Thursday, April 13, 2017

On Leaving

L'Arche is meant to be a place where people with developmental disabilites can find a home for the rest of their lives. So, then, what does it mean when one decides that it is no longer the place he wants to call home?

This is something I've been pondering the last few months. A core member who has lived with us here at L'Arche Heartland for 10 years has made the decision that it is no longer the place for him. With the help of his case manager he has explored other alternatives and at the end of this month will be moving into an apartment run by a residential service provider in town.

L'Arche is good, but it isn't perfect. It's not the right place for everyone. Assistants come and go. Some are here for a short time, others for a relatively long time. It is rare, these days, for an assistant to commit to L'Arche for their lifetime. And we understand that. We might be sad when an assistant decides to leave, but we understand that they are moving on to the next step in their journey and we send them off with our love and best wishes.

So, then, why do we assume that every core member will want to spend the rest of their life in L'Arche? Why do we view it as a failure on our part, that we weren't able to provide them what they needed, if they decide to go? Granted, in my experience it hasn't been common for a core member to decide to leave, but does that have to mean it is a bad thing?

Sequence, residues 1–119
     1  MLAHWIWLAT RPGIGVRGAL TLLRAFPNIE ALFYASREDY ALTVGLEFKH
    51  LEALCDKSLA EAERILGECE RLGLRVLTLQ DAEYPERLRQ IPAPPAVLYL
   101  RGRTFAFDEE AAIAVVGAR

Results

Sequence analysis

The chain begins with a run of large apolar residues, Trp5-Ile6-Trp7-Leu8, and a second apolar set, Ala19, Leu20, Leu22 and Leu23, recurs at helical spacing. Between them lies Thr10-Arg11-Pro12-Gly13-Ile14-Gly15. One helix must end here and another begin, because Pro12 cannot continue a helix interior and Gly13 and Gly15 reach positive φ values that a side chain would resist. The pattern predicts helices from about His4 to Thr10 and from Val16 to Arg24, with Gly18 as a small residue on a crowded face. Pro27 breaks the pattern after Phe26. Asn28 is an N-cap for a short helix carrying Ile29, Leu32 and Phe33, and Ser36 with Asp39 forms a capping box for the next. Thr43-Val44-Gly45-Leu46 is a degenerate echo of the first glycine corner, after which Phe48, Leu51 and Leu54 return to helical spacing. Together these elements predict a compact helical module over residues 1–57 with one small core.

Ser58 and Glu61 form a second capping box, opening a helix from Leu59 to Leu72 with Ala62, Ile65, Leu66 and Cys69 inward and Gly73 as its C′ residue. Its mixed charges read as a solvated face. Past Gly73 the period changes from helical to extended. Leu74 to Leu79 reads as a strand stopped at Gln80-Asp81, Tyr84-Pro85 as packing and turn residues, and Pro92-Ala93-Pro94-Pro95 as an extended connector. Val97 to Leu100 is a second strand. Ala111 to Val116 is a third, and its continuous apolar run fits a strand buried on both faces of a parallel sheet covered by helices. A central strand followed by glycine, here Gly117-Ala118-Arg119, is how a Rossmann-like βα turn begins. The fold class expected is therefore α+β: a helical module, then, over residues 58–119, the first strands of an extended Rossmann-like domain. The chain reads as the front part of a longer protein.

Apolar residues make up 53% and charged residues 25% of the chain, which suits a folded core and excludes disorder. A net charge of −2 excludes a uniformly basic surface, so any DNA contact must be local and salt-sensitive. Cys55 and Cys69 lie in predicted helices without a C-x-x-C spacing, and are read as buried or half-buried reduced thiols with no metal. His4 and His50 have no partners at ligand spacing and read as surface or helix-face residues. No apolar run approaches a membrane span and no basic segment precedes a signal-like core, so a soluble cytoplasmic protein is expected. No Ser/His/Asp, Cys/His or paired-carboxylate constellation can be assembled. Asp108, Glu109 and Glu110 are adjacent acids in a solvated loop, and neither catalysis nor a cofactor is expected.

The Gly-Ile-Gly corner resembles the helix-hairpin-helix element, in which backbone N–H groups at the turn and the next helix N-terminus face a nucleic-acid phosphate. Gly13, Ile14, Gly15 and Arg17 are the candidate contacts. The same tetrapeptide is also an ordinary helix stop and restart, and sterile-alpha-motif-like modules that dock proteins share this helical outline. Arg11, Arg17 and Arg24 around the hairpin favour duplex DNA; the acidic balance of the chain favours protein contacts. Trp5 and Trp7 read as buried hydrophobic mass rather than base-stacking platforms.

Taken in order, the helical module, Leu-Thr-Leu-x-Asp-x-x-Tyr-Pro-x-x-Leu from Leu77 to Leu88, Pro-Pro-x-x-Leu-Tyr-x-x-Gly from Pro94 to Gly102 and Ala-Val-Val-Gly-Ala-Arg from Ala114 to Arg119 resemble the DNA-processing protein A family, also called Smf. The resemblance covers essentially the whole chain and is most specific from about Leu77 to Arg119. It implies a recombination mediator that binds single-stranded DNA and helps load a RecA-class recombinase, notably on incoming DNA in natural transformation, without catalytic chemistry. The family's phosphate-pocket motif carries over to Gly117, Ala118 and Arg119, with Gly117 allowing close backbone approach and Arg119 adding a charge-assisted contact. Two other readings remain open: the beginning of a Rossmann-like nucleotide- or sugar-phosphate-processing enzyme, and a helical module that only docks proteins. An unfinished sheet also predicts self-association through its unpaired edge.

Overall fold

The founding story of L'Arche talks about Jean Vanier welcoming Pierre and Phillipe into his house and sharing life with them. But the part that often gets left out is that there was a third person who moved in, another core member named Dani. But it became apparent that L'Arche was not the right place for Dani, and he ended up going back to where he had been before. This part of the story doesn't often get shared. I think many people think it tarnishes the beautiful story. But does it really?

I think it shares the very human nature of L'Arche. We aren't a solution, we aren't able to save everyone. We are just a sign of hope that life can be lived differently, that beautiful things dwell in unlikely places, that everyone deserves to have a community that loves and supports them. It isn't perfect. L'Arche can only do so much, and sometimes what we can do isn't what is needed or wanted.

That is what I've been reminding myself these past few weeks, and what I will cling to during these days of our core member's transition. We are not perfect, but we were good for him for a time. He's now decided that another living situation is what he needs, and that doesn't mean that we've failed. It means that we have been his home, recognized his gifts, celebrated his life, and done our best to love him while he was with us.

And that, to me, is the opposite of failure.

Tuesday, February 21, 2017

the dance of community